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Raymond School Superintendent Ellen Small to Retire June 30
By Leslie O’Donnell   02-23-17

In 1971, at a time when all of Raymond’s students in Grades 1-12 attended school in double sessions in one cramped building, Ellen Small, fresh out of the University of New Hampshire, joined the faculty as a fifth and sixth grade science teacher.

The Raymond School District and SAU (School Administrative Unit) 33 became home to her, and on June 30, she will retire from the post of superintendent.

Small’s teaching career has focused primarily on science and middle school. After about two years in her first job, she taught sixth and seventh grade science for three years. When Lamprey River Elementary School opened, she taught there for a year, and then returned to the middle school as a science teacher.

After taking four years off to be at home with her three sons, she came back to the middle school full time to teach seventh and eighth grade science.

 

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Fifteen years ago she was named assistant principal of the middle school, a post she held for five years. She served as its principal for the next five years, and completes her fifth year as superintendent on June 30.

“I never expected to be a superintendent,” Small said. “I was asked by the school board to do it. But being superintendent is a lot about solving problems, and I think that’s part of my nature.”

Small said she had all the credits needed to be certified as a superintendent but had never asked the state for certification until being asked to take the job. “I hadn’t planned on becoming a superintendent,” she said.

“I’ve liked every job that I’ve done,” she added. “I always wanted to be a teacher. When I was growing up, I would set up a classroom in the bedroom and make my younger sisters be the students, and I’d be the teacher.”

A Candia resident, Small comes from a Navy family, and moved around a lot on the East Coast. In retirement, she plans to remain in Candia.

Small said the remodeling and addition to the middle school several years ago was the biggest change she has seen in the school district. “Sections of the old building were nearly 100 years old,” she recalled. “It was wood frame, and parts of it were not suitable to use anymore. We had a huge building committee that worked for five years to get the new school.

“Building that school was a turning point for the town,” she said. “It was an acknowledgement that we have good schools, and it brought more people into town.

“We’ve come a long way,” Small said of the school district. “When I started, I was in a regular classroom, and science was not important in middle school – it was like an extra. I’m proud that I brought science to the level it is now – we have labs, not just reading a book and doing worksheets.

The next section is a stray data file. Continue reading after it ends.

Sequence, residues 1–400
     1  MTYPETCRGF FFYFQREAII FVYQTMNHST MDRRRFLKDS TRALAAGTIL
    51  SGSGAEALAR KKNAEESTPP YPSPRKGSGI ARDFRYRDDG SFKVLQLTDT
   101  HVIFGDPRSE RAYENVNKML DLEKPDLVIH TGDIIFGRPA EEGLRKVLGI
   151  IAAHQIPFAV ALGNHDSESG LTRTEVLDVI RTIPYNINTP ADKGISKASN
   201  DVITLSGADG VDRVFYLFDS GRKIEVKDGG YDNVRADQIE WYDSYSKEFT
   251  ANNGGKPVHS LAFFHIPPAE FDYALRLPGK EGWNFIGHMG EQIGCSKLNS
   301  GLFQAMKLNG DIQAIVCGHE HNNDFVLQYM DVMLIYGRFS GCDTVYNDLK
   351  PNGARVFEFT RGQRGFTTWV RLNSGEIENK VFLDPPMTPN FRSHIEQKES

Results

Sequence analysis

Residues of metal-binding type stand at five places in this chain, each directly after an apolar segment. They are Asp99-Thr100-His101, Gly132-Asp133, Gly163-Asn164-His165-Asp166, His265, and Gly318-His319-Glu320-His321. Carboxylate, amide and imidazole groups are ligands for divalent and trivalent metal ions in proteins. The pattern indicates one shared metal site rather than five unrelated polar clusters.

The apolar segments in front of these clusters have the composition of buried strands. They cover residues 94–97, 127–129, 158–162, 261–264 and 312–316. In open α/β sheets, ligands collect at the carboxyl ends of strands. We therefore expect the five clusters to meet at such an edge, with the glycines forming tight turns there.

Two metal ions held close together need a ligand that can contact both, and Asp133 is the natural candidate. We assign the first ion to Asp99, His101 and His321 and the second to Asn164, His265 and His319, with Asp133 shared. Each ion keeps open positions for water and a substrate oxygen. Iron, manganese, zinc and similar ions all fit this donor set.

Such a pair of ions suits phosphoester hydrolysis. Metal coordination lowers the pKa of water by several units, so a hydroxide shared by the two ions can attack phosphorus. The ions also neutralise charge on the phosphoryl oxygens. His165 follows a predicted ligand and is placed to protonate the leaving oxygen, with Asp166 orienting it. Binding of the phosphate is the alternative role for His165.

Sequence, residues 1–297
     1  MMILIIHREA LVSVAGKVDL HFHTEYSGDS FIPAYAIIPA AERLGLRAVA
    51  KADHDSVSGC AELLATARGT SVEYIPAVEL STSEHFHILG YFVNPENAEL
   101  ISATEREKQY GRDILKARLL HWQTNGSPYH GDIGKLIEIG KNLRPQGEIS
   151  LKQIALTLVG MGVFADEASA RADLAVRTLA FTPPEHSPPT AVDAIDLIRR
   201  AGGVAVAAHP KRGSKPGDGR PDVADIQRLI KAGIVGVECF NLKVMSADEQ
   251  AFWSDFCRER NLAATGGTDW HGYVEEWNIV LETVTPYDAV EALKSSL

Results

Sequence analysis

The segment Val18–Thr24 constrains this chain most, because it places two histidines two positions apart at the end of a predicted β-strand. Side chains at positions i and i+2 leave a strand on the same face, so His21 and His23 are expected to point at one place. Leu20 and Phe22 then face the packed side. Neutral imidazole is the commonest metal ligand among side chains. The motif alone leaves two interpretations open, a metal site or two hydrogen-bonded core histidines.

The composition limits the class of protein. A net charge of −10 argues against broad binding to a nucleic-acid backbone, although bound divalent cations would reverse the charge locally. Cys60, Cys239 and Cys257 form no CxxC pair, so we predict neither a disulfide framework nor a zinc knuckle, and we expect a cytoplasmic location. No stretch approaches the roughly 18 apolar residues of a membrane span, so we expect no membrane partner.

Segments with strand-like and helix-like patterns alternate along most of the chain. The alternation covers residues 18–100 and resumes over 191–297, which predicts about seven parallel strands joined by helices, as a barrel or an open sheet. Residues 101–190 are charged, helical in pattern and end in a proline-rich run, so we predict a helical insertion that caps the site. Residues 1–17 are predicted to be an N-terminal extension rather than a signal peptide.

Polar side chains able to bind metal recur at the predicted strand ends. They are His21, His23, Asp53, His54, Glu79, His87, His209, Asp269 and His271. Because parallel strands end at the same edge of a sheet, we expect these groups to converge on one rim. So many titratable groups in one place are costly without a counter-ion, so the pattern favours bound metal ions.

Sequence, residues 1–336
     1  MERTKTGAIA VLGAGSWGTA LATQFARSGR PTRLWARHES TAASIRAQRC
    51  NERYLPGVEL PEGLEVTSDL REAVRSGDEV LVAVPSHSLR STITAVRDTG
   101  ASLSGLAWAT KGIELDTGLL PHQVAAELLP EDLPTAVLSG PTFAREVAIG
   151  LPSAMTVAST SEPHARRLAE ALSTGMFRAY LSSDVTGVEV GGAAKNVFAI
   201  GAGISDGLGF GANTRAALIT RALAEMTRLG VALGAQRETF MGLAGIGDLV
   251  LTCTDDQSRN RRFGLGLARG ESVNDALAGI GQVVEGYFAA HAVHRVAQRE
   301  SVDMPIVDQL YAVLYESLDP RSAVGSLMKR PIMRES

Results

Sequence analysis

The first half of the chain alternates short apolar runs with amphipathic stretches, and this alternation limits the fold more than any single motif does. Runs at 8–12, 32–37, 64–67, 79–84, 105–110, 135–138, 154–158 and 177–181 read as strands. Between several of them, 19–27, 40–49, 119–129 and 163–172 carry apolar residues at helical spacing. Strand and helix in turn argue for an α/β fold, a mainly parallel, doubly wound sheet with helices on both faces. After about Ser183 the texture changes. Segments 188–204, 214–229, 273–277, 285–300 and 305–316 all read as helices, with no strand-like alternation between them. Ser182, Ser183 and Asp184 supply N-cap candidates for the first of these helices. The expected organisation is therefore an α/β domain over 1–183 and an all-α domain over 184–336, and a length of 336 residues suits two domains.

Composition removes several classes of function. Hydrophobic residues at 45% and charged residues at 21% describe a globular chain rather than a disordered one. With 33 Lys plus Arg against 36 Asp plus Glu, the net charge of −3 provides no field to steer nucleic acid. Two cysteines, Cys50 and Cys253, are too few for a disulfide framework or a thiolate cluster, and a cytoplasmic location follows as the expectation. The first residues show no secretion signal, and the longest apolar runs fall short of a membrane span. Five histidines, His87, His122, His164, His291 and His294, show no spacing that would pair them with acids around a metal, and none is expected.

“I’d send kids to the bathroom to get buckets of water for science,” she recalled. “Administrators would come into the classroom and ask why they were bringing in water. I’d say that we were doing science, and we needed a sink in the room.”

Small is pleased that she was allowed to design a science room for the middle school after Raymond High School was built. “We went from out-of-date books to microscopes and lab equipment – and a sink,” she said.

Small is also appreciative of the district’s interest in early intervention. “I’m glad Raymond has a full-day kindergarten,” she said, noting some districts, including those with more money, do not offer the full-day program. “We’ve gone from saying we don’t need science at the middle school to having full-day kindergarten, and that’s a huge shift.”

And noting that when children learn a foreign language at home, they don’t use books or software, she is proud that the middle school now offers two classes in Spanish.

“And we’re fortunate that the school board has made extensive technology available in the schools,” she said. “The board has been fairly successful in negotiating contracts the last few years, and it seems now that everyone is going in the same direction. Everyone can see the importance of education for kids.”

“When I started in 1971, it was OK for kids to quit high school when they turned 16 and go to work in the shoe factory,” Small recalled. “Now we’re seeing that kids need something beyond high school.”

Small also helped develop the Raymond Roundtables program at the middle school with the summer school director at Phillips Exeter Academy in Exeter. That summer academic enrichment program has meshed with the Reach High Scholars program at Raymond High School.

She said the district’s parents have been supportive of school programs, and the school board works for the benefit of the students.

After more than 30 years in the same school district, Small doesn’t hesitate when asked if she would do it again. “I have regrets about retiring,” she said. “I know I’ll miss the kids. Every week I go into the schools to see the kids.”

But she also looks forward to spending more time with her eight grandchildren and attending their activities. She hopes she and her husband will travel, and she plans to be away in August when school starts for the new year to help with her adjustment. She also enjoys biking and quilting, and said she has been asked to be an adjunct professor and may look into that path.

Looking back over three decades, Small said it was a good choice for her to remain in Raymond for her entire career. “As a science teacher, I had the chance to leave the district, but I liked the kids,” she said. “They’ve become like family. This was my dream job, and I got to do it!”